It is also part of the function of the novel as a whole to act as a sort of Museum. As is clear when the ‘real’ novelist, Orhan Pamuk himself, enters the text, first as an observer and then as a chronicler of Kemal and Füsun’s story, that the work takes an ever more conscious turn into those narrative tricks so beloved of an older generation of European novelists such as Italo Calvino, with their postmodern intertexuality. This is not Pamuk’s first foray into such territory. There has always been something of the tricksy, self-aware narrator in his works; but here it strikes a false note, particularly when combined with a contrived love-story. The whole leaves the reader less than satisfied. It works far better in an earlier work of his The Black Book (Kara Kitap), with its detective-story plot and fascination by mystical signs and religious symbols.
So much for what I didn’t care for. What The Museum of Innocence does provide – and it is a pleasure akin to Pamuk’s non-fictional memoir Istanbul, a portrait of his mixed feelings towards the faded imperial past of Turkey’s former Ottoman capital – is the almost tangible sense of sadness which pervades his work, as well as its richly textured portrait of a kind of Turkish social life. It is a portrait obsessed with the fine detail of the past: the simit rolls sold on the streets of Istanbul, the types of commercial product available, the television programmes to be seen on the state broadcaster TRT in the 1970s, the sense of cultural cringe and excitement when a German model, Inge, appears in a campaign for an indigenous Turkish soft drink. Pamuk has been writing exactly this history of Turkey throughout his works – a history of the gestures, the words, the films, and the popular culture enjoyed by its people, and tracking the changes in behaviour over time:
‘The anxious adherence to the forms of deference that we associate with traditional families – sitting straight and never crossing one’s legs or smoking or drinking in front of one’s father – had over time slowly disappeared.’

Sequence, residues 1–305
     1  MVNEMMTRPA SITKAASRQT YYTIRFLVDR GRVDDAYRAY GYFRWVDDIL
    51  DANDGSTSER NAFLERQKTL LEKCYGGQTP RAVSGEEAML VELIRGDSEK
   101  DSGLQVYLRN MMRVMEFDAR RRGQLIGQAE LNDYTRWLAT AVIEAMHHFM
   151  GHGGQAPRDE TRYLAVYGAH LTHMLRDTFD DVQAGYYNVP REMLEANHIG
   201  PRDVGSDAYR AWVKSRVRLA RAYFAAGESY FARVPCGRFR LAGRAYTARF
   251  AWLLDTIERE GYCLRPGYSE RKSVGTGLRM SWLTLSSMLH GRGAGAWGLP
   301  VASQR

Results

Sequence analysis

But what is curious about such a book is the audience it presupposes. Several Turkish diplomats I knew when I was living in Jordan – themselves products of the educated Westernised elite – were dismissive when I mentioned to them my enjoyment of Pamuk’s earlier work. To them there was something unTurkish about him, and this may be partly from the positions he has taken in Turkey’s identity wars; neither uncritically in favour of the secular state, nor a supporter of the Islamist trend, he famously appeared in court on charges of lèsemajesté for suggesting that Turkey had indeed been responsible for an Armenian genocide. They made an even more startling claim about him: that his Turkish was so convoluted that many Turks preferred to read him in English translation, adding to their sense of him as more a European than a Turk. Certainly throughout the work there is always a sense that he is writing in an explanatory mode for an audience outside Turkey, for instance on several occasions Kemal thinks aloud about the meaning of his frequent visits over many years to visit his beloved Füsun and her husband, both of whom live at home with Füsun’s parents, the Keskins. To a Turk, I presume, the following comment would have been unnecessary, but it is to explain to an international audience the oddness of Kemal’s behaviour and the ability of all the Keskins not to make explicit its ambiguities. All concerned agreed simply to regard him as ‘sitting together’ with the family:
‘Had we been living in a modern Western society with more candid relations between men and women, and with the sexes not living in separate realms, my going to the Keskin household four or five times a week would, of course, force everyone eventually to accept that I was coming to see Füsun … and so in such a country my visits could never be so frequent.’
When the story ends in eventual tragedy it is also to the comforts of a European sensibility that Kemal turns: ‘I sought consolation in Proust and Montaigne’.
So it is a novel written for us, to explain something of a country known to most Europeans only in stereotypes. That is the great service Pamuk has done throughout his writings.